Franck L. Goldwasser

Franck L. Goldwasser

French born guitarist Franck L. Goldwasser, aka “Paris Slim,” became enamored with American blues music as a teenager and worked to hone his craft before being discovered by renowned harmonica player Sugar Blue and California bluesman Sonny Rhodes, who brought him to the West Coast. Settling there in the 1980’s Goldwasser worked with a who’s who of the Bay Area’s most prestigious residents. His new album “Who Needs This Mess!!??”, the title track of which features musical cohorts Charlie Musselwhite, Sugaray Rayford and Kirk Fletcher, is scheduled for release in July 2023 on CrossCut Records. Like his storied career, the fifteen-track collection features a star-studded cast of friends, on a journey that flows over the musical landscape that grew out of the blues and his love for the guitar.

The opening track “Don’t Give Up On Me, Baby,” is a hard driving shuffle with jagged edge guitar carving out riffs and leads while a raspy vocal pleads for mercy. “I Don’t Want Your Love (I Just Want Your Lovin’)” is a hill country swing with gritty guitar over walking bass line and whimsical keyboards. The rambunctious funk groove instrumental, “Skwurley,” features Goldwasser’s greasy slide guitar sparing with playful chromatic harmonica from R.J. Mischo. The acoustic guitar and harmonica duet, “What Am I To Do?,” mixes piedmont and delta blues sensibilities in its simple lyrical form.

Kirk Fletcher guests on the comically titled “Disküm Baåb Uleh Shun,” a swing meets surf guitar instrumental with fun loving fuzzy guitar tones, bongo rhythms, theremin, and blues harp punches. Juke joint stomper “Had A Dream Last Night” burns like a political fever dream envisioning several prominent political figures getting booted out and a different kind of USA. On the blues ramble “Paris Woman,” Goldwasser and his guitar plead his case to the woman tormenting his poor heart. “Sobby Doggy Boogy,” instrumental number three, showcases his lap steel skills on an island spiced groover. Sugaray Rayford steps to the mic for “Who Needs That Mess!!??,” delivering life lessons on the traps of our material world bolstered by tribal toms, heavy distorted blues harp, and angular lead guitar. Alastair Greene and Goldwasser collaborated on “Monkey Junk,” digging deeper into the psychedelic trance blues with mysterious jungle rhythms to accompany the spoken word poetry.

“If I Could Holler” is a raggedy two beat lead by a tandem guitar and harp riff to set up the wishful thinking blues. “Ðumb & Dangerous” dishes up a full jug band remake of “Rollin’ and Tumblin’” with Goldwasser working the dobro supported by percolating folk instruments. The epic track/ “Sweet Cream,” is a mash up of Fat Possum funk and Birmingham Blitz boogie, like John Bonham sitting with T-Model Ford. Goldwasser pulls off fine finger picking on the Chet Atkins’ inspired solo guitar number, “Raggmazazz.”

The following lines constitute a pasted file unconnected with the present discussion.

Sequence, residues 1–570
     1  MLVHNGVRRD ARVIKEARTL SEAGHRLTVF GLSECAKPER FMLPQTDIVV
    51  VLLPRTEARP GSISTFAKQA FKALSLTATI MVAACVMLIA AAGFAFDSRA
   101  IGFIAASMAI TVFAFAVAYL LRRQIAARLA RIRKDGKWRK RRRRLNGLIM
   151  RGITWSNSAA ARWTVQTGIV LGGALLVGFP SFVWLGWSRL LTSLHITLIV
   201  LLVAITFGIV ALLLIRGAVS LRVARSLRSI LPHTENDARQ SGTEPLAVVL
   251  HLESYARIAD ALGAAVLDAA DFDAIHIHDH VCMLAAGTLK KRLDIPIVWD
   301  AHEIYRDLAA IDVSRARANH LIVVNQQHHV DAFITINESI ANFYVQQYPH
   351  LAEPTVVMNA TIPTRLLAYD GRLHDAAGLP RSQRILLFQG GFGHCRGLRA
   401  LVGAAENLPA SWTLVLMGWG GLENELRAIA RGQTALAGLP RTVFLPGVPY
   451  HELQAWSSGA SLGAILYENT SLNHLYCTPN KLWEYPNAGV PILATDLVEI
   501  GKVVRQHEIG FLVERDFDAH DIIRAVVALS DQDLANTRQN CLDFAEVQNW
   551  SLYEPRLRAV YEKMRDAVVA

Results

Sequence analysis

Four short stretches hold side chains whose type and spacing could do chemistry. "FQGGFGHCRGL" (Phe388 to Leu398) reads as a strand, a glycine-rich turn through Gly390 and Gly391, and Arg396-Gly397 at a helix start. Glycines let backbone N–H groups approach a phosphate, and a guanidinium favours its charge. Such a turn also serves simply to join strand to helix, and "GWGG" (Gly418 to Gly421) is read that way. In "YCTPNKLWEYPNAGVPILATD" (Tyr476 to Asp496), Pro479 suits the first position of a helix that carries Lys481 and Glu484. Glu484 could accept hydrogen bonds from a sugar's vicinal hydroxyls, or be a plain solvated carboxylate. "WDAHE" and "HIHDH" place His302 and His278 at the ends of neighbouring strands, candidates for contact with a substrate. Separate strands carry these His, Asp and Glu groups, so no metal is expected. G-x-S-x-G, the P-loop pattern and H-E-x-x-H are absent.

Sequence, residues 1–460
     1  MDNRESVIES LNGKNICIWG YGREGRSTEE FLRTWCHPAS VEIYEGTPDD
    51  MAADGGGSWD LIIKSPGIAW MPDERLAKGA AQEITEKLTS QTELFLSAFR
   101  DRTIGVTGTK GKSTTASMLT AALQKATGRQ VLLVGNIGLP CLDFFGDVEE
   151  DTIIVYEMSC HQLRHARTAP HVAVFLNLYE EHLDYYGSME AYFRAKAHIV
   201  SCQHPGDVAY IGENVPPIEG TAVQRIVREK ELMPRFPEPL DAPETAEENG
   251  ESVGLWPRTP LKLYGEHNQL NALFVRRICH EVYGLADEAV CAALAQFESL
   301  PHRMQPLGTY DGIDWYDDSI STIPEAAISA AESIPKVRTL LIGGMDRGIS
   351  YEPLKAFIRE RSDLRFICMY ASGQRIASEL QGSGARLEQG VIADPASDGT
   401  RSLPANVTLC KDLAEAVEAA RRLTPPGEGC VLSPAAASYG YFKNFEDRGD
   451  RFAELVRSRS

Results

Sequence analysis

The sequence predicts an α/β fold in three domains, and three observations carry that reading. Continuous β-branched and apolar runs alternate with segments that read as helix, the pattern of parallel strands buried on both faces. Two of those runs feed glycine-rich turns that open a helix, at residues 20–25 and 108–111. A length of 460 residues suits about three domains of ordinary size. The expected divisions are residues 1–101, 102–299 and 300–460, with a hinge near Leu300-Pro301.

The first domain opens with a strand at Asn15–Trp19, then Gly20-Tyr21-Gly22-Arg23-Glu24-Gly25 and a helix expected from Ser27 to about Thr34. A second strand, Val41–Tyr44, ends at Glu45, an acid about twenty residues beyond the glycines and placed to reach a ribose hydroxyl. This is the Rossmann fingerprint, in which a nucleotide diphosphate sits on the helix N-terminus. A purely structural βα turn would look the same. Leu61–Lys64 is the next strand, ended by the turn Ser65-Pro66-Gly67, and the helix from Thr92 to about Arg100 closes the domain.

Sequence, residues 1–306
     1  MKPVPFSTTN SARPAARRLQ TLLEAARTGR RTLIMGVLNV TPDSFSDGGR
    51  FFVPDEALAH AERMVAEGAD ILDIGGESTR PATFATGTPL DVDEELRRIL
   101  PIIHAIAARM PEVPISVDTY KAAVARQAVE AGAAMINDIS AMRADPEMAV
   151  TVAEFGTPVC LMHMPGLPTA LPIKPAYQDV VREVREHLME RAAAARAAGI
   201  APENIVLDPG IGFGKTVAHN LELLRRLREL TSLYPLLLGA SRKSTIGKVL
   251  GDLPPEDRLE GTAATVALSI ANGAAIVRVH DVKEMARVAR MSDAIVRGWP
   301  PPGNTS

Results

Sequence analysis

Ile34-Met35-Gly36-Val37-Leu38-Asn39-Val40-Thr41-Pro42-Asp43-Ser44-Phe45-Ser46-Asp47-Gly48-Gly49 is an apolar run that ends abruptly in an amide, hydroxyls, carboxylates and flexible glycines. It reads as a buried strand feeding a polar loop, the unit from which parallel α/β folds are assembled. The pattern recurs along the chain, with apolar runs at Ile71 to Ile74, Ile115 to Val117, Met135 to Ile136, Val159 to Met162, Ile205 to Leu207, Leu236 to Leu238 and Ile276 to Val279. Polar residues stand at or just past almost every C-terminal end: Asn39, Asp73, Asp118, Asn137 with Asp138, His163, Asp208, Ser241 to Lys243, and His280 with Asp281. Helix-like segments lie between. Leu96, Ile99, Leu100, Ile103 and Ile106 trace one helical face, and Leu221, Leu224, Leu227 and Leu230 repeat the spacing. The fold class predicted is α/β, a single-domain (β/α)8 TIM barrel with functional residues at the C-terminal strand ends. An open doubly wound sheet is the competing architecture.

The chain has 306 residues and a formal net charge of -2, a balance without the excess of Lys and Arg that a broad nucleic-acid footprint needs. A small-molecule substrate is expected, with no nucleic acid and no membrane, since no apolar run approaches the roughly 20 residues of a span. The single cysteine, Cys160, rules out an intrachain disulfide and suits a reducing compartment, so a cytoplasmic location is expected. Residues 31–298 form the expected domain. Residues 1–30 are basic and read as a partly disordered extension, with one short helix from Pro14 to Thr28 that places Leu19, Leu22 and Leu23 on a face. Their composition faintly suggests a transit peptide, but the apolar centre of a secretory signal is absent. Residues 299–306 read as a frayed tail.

The bonus live track “Bleedin’ Heart,” from a 2014 appearance at the Portland waterfront festival, captured him with a full band working the 12-bar blues with the showstopping flare of seasoned pros.

Rick J Bowen


Formerly known in blues circles as “Paris Slim”, Franck L. Goldwasser was born and raised in Paris, France in the 1960’s and studied fine arts before moving to Oakland, California in 1983. A self-taught guitarist and vocalist, Goldwasser began studying the recordings of Elmore James, B.B. King, and T-Bone Walker at age 16. In 1978, Goldwasser’s first public appearance finds him jamming with the renowned harmonica player Sugar Blue (of Rolling Stones’ “Miss You” fame), then a Paris resident. Gaining experience while sitting-in with visiting American bluesmen such as Luther Allison, George Smith, Jimmy Dawkins, and Phillip Walker, Goldwasser lands his first professional gigs as backup guitarist for his idol Texas-bred California bluesman Sonny Rhodes in Paris and Reims. Following Rhodes’ invitation to come to California, the Frenchman spends three months in Oakland and Los Angeles in 1981, meeting and jamming with Big Mama Thornton, Smokey Wilson, Lowell Fulson, Frankie Lee, Mark Naftalin, Buddy Ace, Troyce Key and J.J. Malone, Cool Papa, and Mark Hummel, while documenting the West Coast blues scene for the French music magazine Soul Bag. Having moved permanently to the San Francisco Bay Area in June 1983 , Franck Goldwasser immerses himself in the vibrant East Bay blues scene, quickly landing a job in singer-guitarist Troyce Key’s band. While gigging every weekend at the famed Eli Mile High club, he hones his skills working alongside West Coast blues titans Percy Mayfield, Lowell Fulson, and Jimmy McCracklin, as well as Bay Area blues luminaries Omar “The Magnificient” Shariff (formerly Dave Alexander), Johnny Heartsman, Ron Thompson, and Elvin Bishop.

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JULY 7, 2023